Starfield is coming to Game Pass, yet players who use their regular subscription must wait until the game’s full release date and time to get their hands on the title. However, there is a little trick you can do to play the Starfield Early Access, but it will cost you an upfront cost of 35 Dollars, Euro, Sterling, or other regional currency. Here’s a look at how to do just that.
Starfield Early Access on Gamepass
If you want to play Starfield early, but you don’t want to fork out the $99.99 price to play the game a few days early (who can blame you in this economy) there is a Gamepass trick available. If you are already a Gamepass Subscriber, you can get access to Starfield on September 5th /6th, depending on your timezone. Yet, if you want to play it on August 31 or September, depending on the Time Zone, then you can buy the Starfield Premium Edition Upgrade, and play the game as the Starfield Early Access Release Times go live across the world.
The Starfield Premium Edition Upgrade is considered a DLC for the game, and as long as you own it, you get access to the Starfield Premium Edition bonuses in-game. You do not need to own the base version of the game either. All you need is access to the game via Gamepass. So, if you purchase the premium edition upgrade, you will get all the benefits of the purchase, which is mainly cosmetics. However, it means you get the five-day early access as well.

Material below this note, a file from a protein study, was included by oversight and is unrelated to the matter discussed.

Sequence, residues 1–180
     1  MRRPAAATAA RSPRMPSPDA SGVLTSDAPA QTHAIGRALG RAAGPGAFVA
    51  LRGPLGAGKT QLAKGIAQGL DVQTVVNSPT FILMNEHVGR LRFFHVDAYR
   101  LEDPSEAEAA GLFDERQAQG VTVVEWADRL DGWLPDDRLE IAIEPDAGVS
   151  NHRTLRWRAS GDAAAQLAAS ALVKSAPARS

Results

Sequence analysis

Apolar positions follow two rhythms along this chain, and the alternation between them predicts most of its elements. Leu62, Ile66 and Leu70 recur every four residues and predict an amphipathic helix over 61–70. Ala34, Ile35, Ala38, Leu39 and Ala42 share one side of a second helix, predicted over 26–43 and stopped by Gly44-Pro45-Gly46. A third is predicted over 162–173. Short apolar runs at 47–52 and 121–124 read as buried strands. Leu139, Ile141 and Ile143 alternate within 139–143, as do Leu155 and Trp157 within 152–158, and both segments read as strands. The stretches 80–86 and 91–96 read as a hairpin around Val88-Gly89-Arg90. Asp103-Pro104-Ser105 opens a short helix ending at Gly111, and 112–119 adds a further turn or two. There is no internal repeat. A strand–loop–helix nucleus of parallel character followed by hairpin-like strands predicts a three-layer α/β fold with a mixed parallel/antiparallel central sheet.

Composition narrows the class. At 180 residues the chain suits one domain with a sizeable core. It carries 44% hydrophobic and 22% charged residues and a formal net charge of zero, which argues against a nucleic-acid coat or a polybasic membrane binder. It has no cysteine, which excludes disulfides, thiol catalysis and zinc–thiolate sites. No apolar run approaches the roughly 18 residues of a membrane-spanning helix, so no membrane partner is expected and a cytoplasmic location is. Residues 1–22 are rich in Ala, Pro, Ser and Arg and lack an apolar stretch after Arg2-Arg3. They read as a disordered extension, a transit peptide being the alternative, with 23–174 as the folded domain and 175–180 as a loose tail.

This tactic was confirmed via the Bethesda forums, where they updated their FAQ with this option. It means players can spend £/$ 34.99 rather than the 99.99, which is a huge saving, on top of their usual Gamepass fee. Of course, if this is going to be a generational game like Skyrim, where you sit and play it for many years, it’s likely more financially viable to purchase it outright if you can. Yet, if you don’t want to do that, this method is very cost-effective and will keep you more than entertained through September.
Check out the Starfield System Requirements if you’re on PC and ensure you can run it. You don’t want to spend that money on a game you can’t run, especially since DLC and subscriptions are not refundable.